Apart from the pure joy of being part of a creative process leading to a performance for an audience, this also made me think quite a bit about our relationship with literature and the arts. One cannot deny the impact that many works of literature have had on the arts - whether it's a pure adaption from print to stage or film, or a reinterpretation, or even the influence of literary themes, philosophies and perspectives. Stories and literature have influenced art since they were first told, whether it's the Nordic, Greek or Roman Epics, traditional folk tales, or sacred texts.
And even now, literature has permeated our popular culture. Whether it's the mega-successful film franchises of Harry Potter, Lord of the Rings, and the Hunger Games (Twilight not so much). Or who could have imagined that Alison Bechdel's graphic novel Fun Home could have been made into a Tony Award winning stage musical - and it's quite amazing too! I can't watch the following clip without getting all the feels...
And on a more indie and personal creative level, there have been countless communities for fanfic writing - if there's a literary genre or cult-following, then you can bet that there's a fanfic community for it. Similarly, there are musical subcultures where bands might write music purely about Harry Potter (Wizard Rock), John Green books (JGrock) or, yes, Twilight (Twi-rock). Nerdcore rapper MC Lars has written songs inspired by Shakespeare, Edgar Allen Poe, and Moby-Dick. And that's all just the tip of the iceberg. Beyond the performing arts, there are also countless examples in the visual arts.
So, both in a mainstream, indie and pop-culture level, our literary culture continues to inspire and provoke creative arts. Which brings me to libraries.
Obviously, I'm mostly talking about public and state libraries here. There's a lot of focus on "What are libraries doing wrong, and how should they change so that they don't die?" Here's an idea: focus on the intersection of libraries and the arts. Reader development is a form of audience development. Don't just be a repository for people to borrow books and return them - provide opportunities to respond creatively to their reading experience. Turn readers into artists by fostering a culture of creative reading. Turn libraries into a reader-centred creative spaces, where reading is not just a passive activity, but an experience that you can share with others, be it through discussion and reading groups, or other forms of creative expression.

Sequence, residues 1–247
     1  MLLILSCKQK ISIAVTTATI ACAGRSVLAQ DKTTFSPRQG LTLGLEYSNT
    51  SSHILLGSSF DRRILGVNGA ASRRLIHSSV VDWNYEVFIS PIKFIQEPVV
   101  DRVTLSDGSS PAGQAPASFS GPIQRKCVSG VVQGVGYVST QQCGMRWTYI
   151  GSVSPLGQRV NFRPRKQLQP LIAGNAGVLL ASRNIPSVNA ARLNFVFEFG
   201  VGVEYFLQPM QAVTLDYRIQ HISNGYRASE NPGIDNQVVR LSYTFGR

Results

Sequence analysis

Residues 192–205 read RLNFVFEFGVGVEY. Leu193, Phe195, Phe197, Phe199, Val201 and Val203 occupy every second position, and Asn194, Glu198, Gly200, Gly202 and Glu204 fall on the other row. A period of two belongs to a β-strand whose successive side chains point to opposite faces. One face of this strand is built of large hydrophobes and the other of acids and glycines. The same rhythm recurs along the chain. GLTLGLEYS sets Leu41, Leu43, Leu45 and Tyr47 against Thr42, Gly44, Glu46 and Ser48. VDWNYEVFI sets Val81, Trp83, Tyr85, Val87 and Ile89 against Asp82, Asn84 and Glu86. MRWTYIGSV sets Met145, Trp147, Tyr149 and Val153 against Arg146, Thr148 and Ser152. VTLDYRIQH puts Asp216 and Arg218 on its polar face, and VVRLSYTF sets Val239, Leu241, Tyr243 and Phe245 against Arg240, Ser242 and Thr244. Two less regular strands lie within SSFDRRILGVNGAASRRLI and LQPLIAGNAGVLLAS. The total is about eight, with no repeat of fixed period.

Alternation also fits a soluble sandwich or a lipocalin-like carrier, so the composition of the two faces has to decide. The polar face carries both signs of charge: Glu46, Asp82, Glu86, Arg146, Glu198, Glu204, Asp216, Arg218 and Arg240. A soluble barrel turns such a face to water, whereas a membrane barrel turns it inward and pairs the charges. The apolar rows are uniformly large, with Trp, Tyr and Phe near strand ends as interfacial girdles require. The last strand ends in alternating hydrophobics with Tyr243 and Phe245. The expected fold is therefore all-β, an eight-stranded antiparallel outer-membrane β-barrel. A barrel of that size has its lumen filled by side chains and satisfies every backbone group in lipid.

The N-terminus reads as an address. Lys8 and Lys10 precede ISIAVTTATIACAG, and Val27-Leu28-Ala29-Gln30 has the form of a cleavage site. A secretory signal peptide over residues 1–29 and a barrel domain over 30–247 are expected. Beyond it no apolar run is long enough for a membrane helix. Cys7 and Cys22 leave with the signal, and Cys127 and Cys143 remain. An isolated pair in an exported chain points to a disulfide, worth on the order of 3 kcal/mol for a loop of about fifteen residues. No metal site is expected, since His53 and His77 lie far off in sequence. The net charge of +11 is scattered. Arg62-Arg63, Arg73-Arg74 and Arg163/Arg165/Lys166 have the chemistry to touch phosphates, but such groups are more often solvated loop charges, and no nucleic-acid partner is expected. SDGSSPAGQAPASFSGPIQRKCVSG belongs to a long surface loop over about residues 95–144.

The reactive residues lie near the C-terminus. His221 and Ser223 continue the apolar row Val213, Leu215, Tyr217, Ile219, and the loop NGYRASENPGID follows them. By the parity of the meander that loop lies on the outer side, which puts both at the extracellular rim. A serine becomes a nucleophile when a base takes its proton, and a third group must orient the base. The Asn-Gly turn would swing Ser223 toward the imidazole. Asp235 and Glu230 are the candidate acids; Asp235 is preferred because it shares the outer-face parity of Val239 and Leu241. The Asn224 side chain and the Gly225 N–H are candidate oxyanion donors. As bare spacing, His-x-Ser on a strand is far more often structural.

And seriously - invest the tens of thousands of dollars that you currently pour into reference collections and rarely-used databases into arts initiatives and creative spaces that intersect with reader development. Create partnerships with arts organisations for installations and performances. Most of all (and here's a modest proposal) stop pretending that public libraries are places for students to do research (with the exception of local history research). Let's face it, they're only using print books because their teacher didn't want them googling everything for their homework. We can do better than that.